On February 16, 2023, TeslaTM voluntarily recalled nearly 363,000 cars with its Full Self-Driving system after the National Highway Traffic Safety Administration (NHTSA) said the driver-assistance technology increased the risk of accidents.
The Full Self-Driving software “allows a vehicle to exceed speed limits or travel through intersections in an unlawful or unpredictable manner,” the agency said.
The recall applies to all Tesla models — Model 3, Model S, Model X, and Model Y — produced between 2016-2023. The cars must be equipped with or pending installation of the Full Self-Driving software, which is currently in “beta” form.
Tesla Recall 2023 & Safety Issues
The NHTSA warned that Tesla’s Full Self-Driving technology “may allow the vehicle to act unsafe around intersections.”
Specifically, the agency said the software may cause Tesla vehicles to:
- Exceed posted speed limits
- Fail to come to a complete stop at posted stop signs
- Proceed through intersections with a steady yellow light
- Travel through intersections while in a turning lane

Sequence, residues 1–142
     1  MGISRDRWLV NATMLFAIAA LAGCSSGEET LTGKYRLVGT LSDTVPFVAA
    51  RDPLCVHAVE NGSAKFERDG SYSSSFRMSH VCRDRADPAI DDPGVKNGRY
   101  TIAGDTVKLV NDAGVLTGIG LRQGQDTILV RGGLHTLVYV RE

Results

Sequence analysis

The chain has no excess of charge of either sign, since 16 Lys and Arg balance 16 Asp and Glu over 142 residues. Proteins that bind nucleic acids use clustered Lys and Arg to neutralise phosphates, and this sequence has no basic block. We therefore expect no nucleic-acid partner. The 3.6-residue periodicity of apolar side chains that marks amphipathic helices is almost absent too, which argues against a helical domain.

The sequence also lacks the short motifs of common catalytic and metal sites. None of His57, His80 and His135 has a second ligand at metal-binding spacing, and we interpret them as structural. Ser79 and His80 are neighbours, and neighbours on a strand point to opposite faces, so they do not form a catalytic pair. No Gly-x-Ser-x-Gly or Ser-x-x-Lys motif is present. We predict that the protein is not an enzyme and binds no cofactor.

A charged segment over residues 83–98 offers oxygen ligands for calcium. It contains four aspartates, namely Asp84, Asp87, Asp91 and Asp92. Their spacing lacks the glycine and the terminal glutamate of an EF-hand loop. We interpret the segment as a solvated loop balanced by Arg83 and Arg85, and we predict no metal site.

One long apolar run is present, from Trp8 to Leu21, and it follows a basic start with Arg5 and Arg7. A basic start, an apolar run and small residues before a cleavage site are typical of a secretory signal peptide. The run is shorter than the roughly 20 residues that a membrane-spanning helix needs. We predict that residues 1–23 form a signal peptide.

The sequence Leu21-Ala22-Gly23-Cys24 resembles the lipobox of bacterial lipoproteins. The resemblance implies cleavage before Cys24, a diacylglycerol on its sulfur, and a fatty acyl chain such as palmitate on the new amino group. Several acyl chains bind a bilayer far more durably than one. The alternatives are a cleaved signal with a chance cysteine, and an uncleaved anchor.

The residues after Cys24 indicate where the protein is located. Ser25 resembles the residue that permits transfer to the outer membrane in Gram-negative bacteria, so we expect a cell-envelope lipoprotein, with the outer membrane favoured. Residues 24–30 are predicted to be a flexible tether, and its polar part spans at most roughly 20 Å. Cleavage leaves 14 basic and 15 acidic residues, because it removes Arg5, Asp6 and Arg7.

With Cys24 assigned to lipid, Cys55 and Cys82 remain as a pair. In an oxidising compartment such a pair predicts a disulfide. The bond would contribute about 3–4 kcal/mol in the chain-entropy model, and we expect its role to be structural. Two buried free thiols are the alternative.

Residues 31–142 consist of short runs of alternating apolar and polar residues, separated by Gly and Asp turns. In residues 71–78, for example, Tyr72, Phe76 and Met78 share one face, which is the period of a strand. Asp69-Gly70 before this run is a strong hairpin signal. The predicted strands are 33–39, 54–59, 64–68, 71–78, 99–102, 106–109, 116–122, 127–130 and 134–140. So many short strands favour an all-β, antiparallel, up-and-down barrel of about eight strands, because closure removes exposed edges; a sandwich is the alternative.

Autopilot allows a Tesla to steer, accelerate, and brake within a lane, while the more advanced Full Self-Driving technology allows the vehicle to change lanes and obey traffic signals.
The NHTSA has been looking into the safety of Tesla’s driver-assist technology since 2016. To date, it has opened investigations into 41 car accidents, including 14 in which a total of 19 people were killed.
Tesla vehicles using Autopilot and Full Self-Driving Technology were involved in 273 reported accidents, five of which were fatal, over a nine-month period, according to the NHTSA.
The NHTSA said it plans to continue investigating Tesla’s Full Self-Driving and Autopilot systems.
The U.S. Department of Justice (DOJ) and the California Department of Motor Vehicles are also investigating the car maker. Those probes concern whether Tesla was truthful about the capabilities of its driver-assist technologies.
What the Tesla Recall Means for Owners
The NHTSA said Tesla plans to mail notification letters to owners of the affected cars by April 15, 2023, and provide a free over-the-air software update.
Additionally, owners of Teslas with Autopilot or Full Self-Driving software may be eligible to file a lawsuit against Tesla and seek compensation.
Currently, a proposed Tesla class-action lawsuit alleges that Tesla was aware of problems with its Autopilot and Full Self-Driving systems but misled consumers about the safety and capabilities of these driver-assist technologies.